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Selling the BENEFITS, Not the FEATURES

September 9, 2015

People do not buy features. They buy solutions to problems or needs. The more work we make them do to understand how working with us will meet those needs, the lower the chance they will ‘get it’ and the lower our chance of making a sale. No one wants to work with us if we don’t put their wants, passions, and perceived needs first. Our prospects are only interested in doing business with us to the degree that they understand what we can do for them. In every presentation we write, we must remember that our prospect’s desires, anxieties, and aspirations must always come before our own.


Put yourselves in your prospect’s shoes and review the list of features. Ask, “What’s in it for me?” The “what’s in it for me” is the benefit the prospect will want to buy. You will want to consider these questions about each feature on your list:

  • What do our clients get from this feature? How much? How often?
  • Why does the feature matter?
  • What problem does this feature solve?
  • How well does it solve the problem?

A feature becomes a benefit when it intersects the life of a human being with favorable results. The favorable result is the benefit we want to present to prospects.

These words can be used as thought-starters for turning your features into benefits: solves, answers, helps, protects, enhances, fixes, satisfies, saves, gains, assists, serves, maintains, increases.

Then refine your list to create a master benefit list for your station.

  • Review the list of benefit statements you created from the features.
  • We want to focus only on those statements that have clear benefits to prospective clients.
  • Decide as a group which benefits offer the best solutions to prospective clients’ problems or fulfill a physical need (save them time, money, resources, etc.) or emotional need (make me look smart, successful, important, etc.).
  • If the group cannot define a clear result that will fulfill a client’s needs or address and solve a problem, remove it from your list.
  • Not every feature is going to have a strong benefit.
  • Some features may have more than one benefit.

Keep the strongest 20 to 30 benefit statements as the master list and use them in your proposals and presentations.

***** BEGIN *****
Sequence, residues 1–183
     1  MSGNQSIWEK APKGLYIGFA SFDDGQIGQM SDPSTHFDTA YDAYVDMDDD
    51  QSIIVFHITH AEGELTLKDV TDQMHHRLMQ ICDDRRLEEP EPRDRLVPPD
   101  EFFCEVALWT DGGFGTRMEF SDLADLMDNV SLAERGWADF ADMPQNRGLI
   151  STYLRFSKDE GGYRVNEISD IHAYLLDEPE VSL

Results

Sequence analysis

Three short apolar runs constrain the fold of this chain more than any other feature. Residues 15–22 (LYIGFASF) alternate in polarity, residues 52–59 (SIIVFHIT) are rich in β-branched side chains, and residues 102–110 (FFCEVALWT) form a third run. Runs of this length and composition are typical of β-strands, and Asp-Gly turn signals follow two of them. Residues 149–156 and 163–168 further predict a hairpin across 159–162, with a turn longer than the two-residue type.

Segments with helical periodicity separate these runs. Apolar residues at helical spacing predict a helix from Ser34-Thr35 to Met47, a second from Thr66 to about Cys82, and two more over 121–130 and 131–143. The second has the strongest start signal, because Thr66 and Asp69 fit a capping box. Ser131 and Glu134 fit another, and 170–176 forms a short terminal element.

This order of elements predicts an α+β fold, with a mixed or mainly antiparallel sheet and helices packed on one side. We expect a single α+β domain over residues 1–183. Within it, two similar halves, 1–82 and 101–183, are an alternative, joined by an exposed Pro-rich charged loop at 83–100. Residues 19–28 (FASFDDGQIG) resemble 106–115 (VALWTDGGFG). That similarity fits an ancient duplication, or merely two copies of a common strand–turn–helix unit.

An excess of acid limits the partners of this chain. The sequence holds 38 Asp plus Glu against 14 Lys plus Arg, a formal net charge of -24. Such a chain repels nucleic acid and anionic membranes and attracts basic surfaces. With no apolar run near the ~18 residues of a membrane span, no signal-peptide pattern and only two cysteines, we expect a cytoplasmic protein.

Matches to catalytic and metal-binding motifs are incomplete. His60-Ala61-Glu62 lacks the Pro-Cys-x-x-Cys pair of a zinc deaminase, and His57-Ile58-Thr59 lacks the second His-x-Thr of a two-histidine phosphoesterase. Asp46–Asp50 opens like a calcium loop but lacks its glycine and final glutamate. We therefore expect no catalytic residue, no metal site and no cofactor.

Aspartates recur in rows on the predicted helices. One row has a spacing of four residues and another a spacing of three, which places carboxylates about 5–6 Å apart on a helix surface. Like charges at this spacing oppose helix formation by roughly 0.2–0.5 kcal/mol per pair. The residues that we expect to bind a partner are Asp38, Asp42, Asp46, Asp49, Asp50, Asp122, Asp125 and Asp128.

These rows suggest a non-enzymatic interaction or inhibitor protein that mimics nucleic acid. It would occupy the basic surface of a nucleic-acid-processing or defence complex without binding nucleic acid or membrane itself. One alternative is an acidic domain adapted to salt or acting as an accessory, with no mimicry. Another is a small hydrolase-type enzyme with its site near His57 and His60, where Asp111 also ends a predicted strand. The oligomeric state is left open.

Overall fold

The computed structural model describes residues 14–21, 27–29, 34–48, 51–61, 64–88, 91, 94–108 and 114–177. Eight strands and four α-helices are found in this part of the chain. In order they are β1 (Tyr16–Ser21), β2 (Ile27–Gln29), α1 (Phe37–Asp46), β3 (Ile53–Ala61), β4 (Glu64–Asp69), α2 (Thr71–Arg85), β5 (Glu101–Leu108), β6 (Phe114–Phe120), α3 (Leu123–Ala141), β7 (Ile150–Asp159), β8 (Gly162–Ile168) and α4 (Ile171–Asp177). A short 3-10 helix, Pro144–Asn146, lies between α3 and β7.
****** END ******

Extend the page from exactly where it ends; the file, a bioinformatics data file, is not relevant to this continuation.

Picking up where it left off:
Not every benefit on your list is relevant for every prospective client. In your discussions, presentations, and proposals, you should only include those benefits that address that particular client’s needs, wants, and emotions.

  • Review the needs analysis you performed for the prospect.
  • What are that client’s specific needs and problems? Rank these in order of importance to the client.
  • Which benefits will help solve your prospect’s needs? Rank the benefits in order of importance to the prospect.
  • If you are meeting with more than one decision maker, address each of their needs and concerns. The motivating factor to work with you will be different for each of them.
  • Open your discussions, proposals, and presentations with the benefits that are most important to your prospects. People always want to know what’s in it for them first. Don’t make them search through your proposals to find out what’s in it for them. Put the benefits in the headline, in the opening paragraph, in the offer, throughout the bullets, and all the way to the final sentence.
  • By discussing only those benefits relevant to the prospect, you will illustrate that you have listened to, understood, and addressed their particular needs and they will be more inclined to work with you and your station.

When you are in a sales situation, listen to yourself. Are you enthusiastically discussing the excellent features of your station and overlooking the benefits that will motivate the prospects to buy from you?

We invite you to share some of your station’s strongest benefits with us below.

-Nakia Smith, Sr. Sales Research Consultant